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Stepping on Landmines

Stepping on Landmines

Trigger warning: This article is about triggers. If this triggers you, please be advised and continue with caution.

“Trigger” is a word that is used to cover many types and severities of things that may come up during a scene on a psychological or emotional level. The tough part is that much of the time we don’t know what triggers we have until they are activated. Obviously if you know you have a trigger (or triggers) you should be communicating that with your partner.

Can Tops/D-types be triggered as well? Absolutely. It is important for both people – or all people – involved in a scene to disclose triggers that they know they have.

So let’s talk about those ones we didn’t realize were there. Those “landmines” we step on or that get stepped on that we weren’t prepared for. How they are dealt with depends on the severity of the trigger. There is a spectrum all the way from something that conjures up feelings of anger or annoyance – and not in a sexy primal way – to true PTSD, panic attack inducing triggers. Those that have the latter often get frustrated that there aren’t more words to describe triggers – since the difference in severity can be huge.

Some triggers are very minor and the person triggered can continue the scene with little to no disruption. I still would advise you discuss it with your partner after the scene – either within the same evening or a day or two after. No matter what, even if it was small, don’t leave it hanging. Your partner wants to know. An example may be perhaps they call you by a version of your name that only your parents use and it made you think of your parents in the middle of the scene and displaced your mind set. Maybe they do something that reminds you of an ex (toxic) partner. The thing they do is harmless, yet it takes you back and triggers memories of a bad situation you were in.

There are triggers that are more severe. Your partner uses an implement that your father used to beat you with as a child as punishment. You smell a perfume that your best friend also wore – a friend that you lost to a tragic car accident. There are endless examples I could use. These may require you to pause or stop the scene. Perhaps after a break you can continue the scene or begin a new scene. Use the time to let your partner know what was triggered and why. As the person who triggered them – listen to them, get them water, hold them if they need that, let them sit alone for a few minutes or take a breath outside if they need that instead. Assure them that you are not the person they associated the trigger with and that you will not repeat whatever prompted the trigger.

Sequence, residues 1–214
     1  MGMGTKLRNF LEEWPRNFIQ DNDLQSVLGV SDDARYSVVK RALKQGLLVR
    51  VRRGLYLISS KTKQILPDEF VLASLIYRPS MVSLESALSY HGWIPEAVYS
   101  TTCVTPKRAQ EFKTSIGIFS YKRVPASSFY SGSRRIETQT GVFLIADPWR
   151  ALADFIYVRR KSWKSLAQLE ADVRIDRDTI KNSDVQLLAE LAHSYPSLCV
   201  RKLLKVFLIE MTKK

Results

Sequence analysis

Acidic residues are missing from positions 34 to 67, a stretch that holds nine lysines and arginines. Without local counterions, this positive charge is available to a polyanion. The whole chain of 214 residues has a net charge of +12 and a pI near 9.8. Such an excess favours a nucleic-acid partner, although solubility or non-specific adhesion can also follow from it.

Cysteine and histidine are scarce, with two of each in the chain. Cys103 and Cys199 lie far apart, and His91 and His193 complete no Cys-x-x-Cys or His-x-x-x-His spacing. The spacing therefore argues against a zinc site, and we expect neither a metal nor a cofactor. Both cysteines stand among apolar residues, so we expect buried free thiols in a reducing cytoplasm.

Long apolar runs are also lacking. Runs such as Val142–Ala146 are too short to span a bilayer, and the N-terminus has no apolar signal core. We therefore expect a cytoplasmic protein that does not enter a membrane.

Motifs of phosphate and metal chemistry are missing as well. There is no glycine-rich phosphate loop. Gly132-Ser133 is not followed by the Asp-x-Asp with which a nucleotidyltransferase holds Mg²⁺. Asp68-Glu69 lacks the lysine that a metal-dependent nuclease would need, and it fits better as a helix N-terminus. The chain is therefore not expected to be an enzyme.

Then there are those triggers that cause a panic attack or severe anxiety. Perhaps your partner is a veteran and someone cracks a whip near your scene which they hear as gunfire. (Yes a person can also be triggered by things happening around them – not only their partner directly.) Maybe you put your hand to their throat which takes them back to being raped and their assailant threatened to choke them to death. Severe trauma triggers can be extremely scary – for all involved, including people surrounding your scene. The person triggered may go into an emotional outburst – crying, screaming, and/or fighting. They may start to hyperventilate or do things that can cause bodily harm to themselves or those close by. DON’T leave them alone – but do call out for someone nearby to get a DM. Many DMs will have some medical training or can at least help you to make sure people don’t get hurt – including your partner. Once they are settled enough and know where they are (sometimes they will be mentally back in that battlefield or fighting for their life and forget where they are and that they are safe) make sure they have water and maybe some food. Assess as best you can what they need. Make eye contact and assure them of who you are and that they are safe. They may need to walk outside for fresh air – go with them. If they need alone time – still make sure you can keep an eye on them. Your first priority is making sure they are safe and can get back to center emotionally and psychologically. They may or may not be ready to talk about it. You may also need to help them though the secondary embarrassment of what they’ve just displayed in a public setting. Obviously if you are doing private play this doesn’t apply. Eventually talk about it – it may be a couple days. Check in with them every day – more than once. If they have a therapist they may need to make an appointment. If they don’t have one they may want to find one. Some triggers are severe enough that they need a professional. This doesn’t mean you stop being there as a friend/play partner/lover/life partner, etc. Be a safe place for them.

I hope you never need this information, or at least not often. What we do involves risk – even the “safest” play can trigger some deep wounds. If you were the one that triggered the other person don’t blame yourself. You didn’t know you were stepping on a landmine. Take care of yourself as well. Have a trusted friend or mentor that you can debrief with too.

Triggers happen. Do your best to take care of each other and remember that the trigger is not representative of the scene or the relationship.